Thursday, December 4, 2008

Advice for Life

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Sometimes our life's work isn't a choice; some careers find us. That's how it happened to me. I was grown and married and went to visit my widowed mother, who had a new boyfriend. I was not prepared for Phil and little did I know that he would change the course of my life.

When he walked into my life that day, I could not hide my horror: he didn't exactly walk so much as toddle. He was paralyzed on the right side of his body and wore an arm splint and a leg brace and depended on a metal cane. Seeing my discomfort he said, "O.K., let's get this out of the way. I caught some shrapnel in the head during WWII which left me aphasic and crippled. I had to learn to walk and talk again. I've survived this; so will you." And bang! We were onto the normal small talk of two people meeting for the first time. Phil told me about his profession: he was a speech-language pathologist, having gone back to college after lengthy rehabilitation at a V.A. hospital. He explained his work to me, as I had never heard of his field.

The short of it is: I was so impressed with this man and his work that when I went back to college, I changed my major from English to one that would prepare me to follow in Phil's foot steps. All through college, clinical practicums and finally the profession, Phil was there to offer encouragement and sometime stinging criticism. He taught me to observe, listen and know that I'm
not the star in that therapy room.

Once I telephoned Phil, telling him I had to take a day off to come talk to him in person. He didn't ask the reason, he just dropped everything to make time. I fought tears all the way to his and my mother's home (he was now my stepfather.) When I arrived we sat and talked over coffee. "Phil," I began, "Tell me how to have that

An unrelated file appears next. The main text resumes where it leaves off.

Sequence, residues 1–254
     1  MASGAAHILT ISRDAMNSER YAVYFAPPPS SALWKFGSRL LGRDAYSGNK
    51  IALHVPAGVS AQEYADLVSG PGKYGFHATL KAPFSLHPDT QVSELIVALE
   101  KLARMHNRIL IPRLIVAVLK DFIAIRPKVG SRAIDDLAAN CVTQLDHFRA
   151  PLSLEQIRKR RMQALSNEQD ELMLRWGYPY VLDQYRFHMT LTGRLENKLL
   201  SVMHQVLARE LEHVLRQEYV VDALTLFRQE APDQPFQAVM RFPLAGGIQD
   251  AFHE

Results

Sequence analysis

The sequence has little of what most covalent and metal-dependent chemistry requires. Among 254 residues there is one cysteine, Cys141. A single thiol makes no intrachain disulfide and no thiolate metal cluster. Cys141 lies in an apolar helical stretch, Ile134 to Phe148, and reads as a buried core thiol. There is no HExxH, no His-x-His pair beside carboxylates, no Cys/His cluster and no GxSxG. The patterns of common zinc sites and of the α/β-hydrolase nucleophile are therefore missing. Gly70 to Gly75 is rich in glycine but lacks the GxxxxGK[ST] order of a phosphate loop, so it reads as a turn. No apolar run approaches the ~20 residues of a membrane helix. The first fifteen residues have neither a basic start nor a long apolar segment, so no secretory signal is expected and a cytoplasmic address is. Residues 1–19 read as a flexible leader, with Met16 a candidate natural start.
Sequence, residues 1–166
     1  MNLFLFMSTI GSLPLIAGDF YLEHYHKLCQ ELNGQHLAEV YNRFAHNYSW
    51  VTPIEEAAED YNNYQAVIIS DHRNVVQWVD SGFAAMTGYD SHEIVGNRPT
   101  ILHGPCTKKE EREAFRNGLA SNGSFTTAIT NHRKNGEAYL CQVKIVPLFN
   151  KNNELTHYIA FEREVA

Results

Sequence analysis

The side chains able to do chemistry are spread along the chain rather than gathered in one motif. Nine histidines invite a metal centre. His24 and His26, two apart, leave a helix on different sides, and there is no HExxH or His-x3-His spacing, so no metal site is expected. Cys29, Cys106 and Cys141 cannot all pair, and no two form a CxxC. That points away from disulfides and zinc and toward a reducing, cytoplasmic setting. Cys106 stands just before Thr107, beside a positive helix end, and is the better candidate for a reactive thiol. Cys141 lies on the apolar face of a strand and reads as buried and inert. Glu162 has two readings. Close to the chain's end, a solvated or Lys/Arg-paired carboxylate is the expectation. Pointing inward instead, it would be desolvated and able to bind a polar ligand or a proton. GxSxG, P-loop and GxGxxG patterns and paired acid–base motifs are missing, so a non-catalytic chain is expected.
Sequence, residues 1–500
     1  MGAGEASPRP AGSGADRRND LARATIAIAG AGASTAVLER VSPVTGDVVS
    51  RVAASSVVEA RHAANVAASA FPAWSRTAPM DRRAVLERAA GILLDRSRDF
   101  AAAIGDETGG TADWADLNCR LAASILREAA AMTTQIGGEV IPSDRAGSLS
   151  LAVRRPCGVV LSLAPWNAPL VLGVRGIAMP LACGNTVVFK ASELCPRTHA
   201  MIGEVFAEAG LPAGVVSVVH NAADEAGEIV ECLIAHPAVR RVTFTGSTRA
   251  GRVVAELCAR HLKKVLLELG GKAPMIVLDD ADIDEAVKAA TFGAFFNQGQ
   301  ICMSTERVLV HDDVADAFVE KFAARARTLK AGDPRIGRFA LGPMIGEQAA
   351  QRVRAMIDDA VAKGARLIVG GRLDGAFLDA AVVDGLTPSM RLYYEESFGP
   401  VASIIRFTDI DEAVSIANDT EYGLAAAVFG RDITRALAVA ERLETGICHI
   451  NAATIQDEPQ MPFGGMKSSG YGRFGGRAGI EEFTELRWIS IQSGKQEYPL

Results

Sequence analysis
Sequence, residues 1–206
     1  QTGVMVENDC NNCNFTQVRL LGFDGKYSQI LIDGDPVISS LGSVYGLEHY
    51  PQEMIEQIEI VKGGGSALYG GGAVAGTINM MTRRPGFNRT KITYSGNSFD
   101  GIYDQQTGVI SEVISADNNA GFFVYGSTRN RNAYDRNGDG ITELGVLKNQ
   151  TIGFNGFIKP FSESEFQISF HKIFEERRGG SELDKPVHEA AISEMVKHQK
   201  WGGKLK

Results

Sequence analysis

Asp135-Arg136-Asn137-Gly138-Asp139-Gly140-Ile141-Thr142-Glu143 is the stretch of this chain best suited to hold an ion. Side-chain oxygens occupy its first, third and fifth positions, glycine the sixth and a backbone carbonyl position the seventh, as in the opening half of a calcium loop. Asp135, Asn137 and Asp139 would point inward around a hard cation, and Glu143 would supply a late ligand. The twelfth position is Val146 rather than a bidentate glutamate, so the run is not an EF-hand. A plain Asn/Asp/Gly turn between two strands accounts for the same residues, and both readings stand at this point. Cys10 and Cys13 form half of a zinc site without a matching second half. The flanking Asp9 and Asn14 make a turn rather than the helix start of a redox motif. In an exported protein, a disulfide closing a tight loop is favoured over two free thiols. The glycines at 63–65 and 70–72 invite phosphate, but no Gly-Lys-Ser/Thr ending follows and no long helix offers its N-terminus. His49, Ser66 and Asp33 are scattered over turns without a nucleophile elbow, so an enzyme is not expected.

clinical distance everyone talks about; you know, to keep from being in all this pain. You see I have so many young men, on my caseload at the V.A. Hospital, who are so impaired. I'm always heartbroken."

He took a deep breath, looked out the window and then back to me, "
I can't tell you how to do that, but you go back to work and if you figure out how to do it, give me a call. Then I won't have another damn thing to do with you. Did I ever tell you this profession was fun or painless? I've seen health care professionals with that clinical distance you're talking about and they're no damn good to anybody."

So I learned to work around the pain, taking everybody home with me in my head and my heart every night, knowing that my pain was
not the star in the therapy room; that their pain was what mattered and had to be dealt with. I could only have learned this from a soldier who had been there.

Phil passed away several years ago knowing, he said, that he had left a legacy in the world. Thank you, Phil.


  1. Annie, that was very makes me appreciate my own aging step father that much more.

    I've enjoyed your blogs...and appreciate the translations you do for "A Heart in Provence"

    Maryanne at Beadboard UpCountry said I should get in touch with you for information about blogging...she said you might know where there are classes on the how-to's and rules of etiquette for blogging...I'm in Brenham

  2. Hi Terri,

    Thank you so much for the kind words.

    The class I took at "Leisure Learning" was not in their latest listing. So I would recommend using Google's Blogger at This site will walk you through buying your domain name ($10.00) and setting up a blog (free setup and free hosting.) From the Google site, I recommend downloading Picassa 3 for organizing and blogging with photos. Maryanne can advise you on cameras if you need that. The book, "Publishing a Blog with Blogger," by Elizabeth Castro was helpful, even though blogger has changed since she wrote the book. On U-Tube you can Google "blogger" and "Picassa" and find some good training videos. e-mail me anytime at if you have questions.

    Good luck!

    P.S. Google is going through a lot of organizational changes (layoffs, etc.) so who knows what their services will look like in a few months. But I still recommend them for simplicity. They have been great for a non-technical person such as I.